Valdivia, Luis de

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Defender of the Araucanian people; b. Granada, Spain, 1561; d. Valladolid, Nov. 5, 1642. He became a Jesuit novice on April 2, 1581. He went to Peru in 1589 and taught philosophy and theology at Lima, where he was master of novices. In 1593 he was sent to Chile, where he was rector at Santiago the following year, and in 1597 he traveled through the Araucanian territory. In Lima, around 1602, he expounded his dual pacifist thesis: abolition of native personal service and reduction of the Araucanian war to a purely defensive one. Valdivia went personally to Araucanian territory, but failed in his peace efforts. In 1609 he returned to Spain and pleaded his ideas at court. As a result he was given religious jurisdiction in Arauco and, nominally, the bishopric of La Imperial. In 1612, named visitor general of Chile, he went to Arauco and assumed the direction of the war, but once again he failed. He returned to Spain in 1620. Upon the death of Philip III (1621), Valdivia had to retire to Valladolid. This powerful personality was also a distinguished linguist as demonstrated in his grammar, dictionary, catechism, and confessional in the Allentiac (Araucanian) language. Although an intrepid and zealous missionary, he was often imprudent and unrealistic, and would compromise the ecclesiastical cause in exchange for small temporary advantages.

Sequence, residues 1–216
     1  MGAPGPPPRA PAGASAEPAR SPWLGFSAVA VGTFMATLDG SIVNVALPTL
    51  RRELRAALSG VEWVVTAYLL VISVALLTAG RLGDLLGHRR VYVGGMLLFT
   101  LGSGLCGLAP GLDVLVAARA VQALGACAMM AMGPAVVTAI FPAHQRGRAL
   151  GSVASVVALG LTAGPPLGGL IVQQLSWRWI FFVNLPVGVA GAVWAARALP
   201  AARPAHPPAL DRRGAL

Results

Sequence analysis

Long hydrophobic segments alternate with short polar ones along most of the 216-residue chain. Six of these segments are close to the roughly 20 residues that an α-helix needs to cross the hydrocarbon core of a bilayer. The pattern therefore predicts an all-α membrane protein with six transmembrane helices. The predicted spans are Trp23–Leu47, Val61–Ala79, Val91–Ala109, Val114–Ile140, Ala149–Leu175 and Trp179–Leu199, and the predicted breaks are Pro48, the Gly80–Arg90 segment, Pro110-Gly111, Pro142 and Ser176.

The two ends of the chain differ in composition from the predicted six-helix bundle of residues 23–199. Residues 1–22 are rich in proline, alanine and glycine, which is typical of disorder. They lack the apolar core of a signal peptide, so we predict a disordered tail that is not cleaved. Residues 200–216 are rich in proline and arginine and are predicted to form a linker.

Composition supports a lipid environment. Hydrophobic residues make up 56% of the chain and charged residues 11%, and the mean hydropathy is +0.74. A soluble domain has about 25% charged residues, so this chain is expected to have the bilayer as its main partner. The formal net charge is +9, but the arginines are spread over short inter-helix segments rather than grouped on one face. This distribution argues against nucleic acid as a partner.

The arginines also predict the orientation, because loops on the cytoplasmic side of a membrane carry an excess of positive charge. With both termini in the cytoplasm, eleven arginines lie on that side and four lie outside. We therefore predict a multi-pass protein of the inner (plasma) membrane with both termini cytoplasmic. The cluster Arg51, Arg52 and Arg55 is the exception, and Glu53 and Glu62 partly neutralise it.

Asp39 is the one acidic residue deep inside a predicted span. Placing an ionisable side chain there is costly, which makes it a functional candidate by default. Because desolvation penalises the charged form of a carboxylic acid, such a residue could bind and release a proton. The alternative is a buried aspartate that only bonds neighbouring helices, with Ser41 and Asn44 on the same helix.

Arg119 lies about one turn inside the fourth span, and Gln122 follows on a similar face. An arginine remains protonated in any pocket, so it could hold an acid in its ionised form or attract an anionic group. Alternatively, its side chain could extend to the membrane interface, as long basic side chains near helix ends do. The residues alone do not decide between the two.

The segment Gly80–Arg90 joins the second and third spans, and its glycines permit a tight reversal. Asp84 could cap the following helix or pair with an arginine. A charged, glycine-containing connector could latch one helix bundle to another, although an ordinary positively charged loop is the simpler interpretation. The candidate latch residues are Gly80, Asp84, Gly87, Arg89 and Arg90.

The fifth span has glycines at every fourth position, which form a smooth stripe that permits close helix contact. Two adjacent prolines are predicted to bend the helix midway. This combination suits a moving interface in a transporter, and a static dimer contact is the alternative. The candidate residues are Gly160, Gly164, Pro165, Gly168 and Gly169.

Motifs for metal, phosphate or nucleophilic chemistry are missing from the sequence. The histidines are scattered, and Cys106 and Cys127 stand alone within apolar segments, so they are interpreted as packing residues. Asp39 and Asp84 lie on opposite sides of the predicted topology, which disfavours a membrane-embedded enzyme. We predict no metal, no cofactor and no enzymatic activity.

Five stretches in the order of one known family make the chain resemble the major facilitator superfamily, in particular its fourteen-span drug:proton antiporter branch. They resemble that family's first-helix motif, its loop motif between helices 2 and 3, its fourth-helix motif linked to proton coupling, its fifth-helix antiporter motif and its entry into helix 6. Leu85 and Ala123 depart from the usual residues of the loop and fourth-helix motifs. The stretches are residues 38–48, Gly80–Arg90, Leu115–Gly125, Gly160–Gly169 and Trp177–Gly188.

Bibliography: p. hernÁndez, El Padre Luis de Valdivia (Santiago de Chile 1908). b. blum, "Luis de Valdivia, Defender of the Araucanians," Mid-America 24 (1942) 109137.

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Valdivia, Luis de

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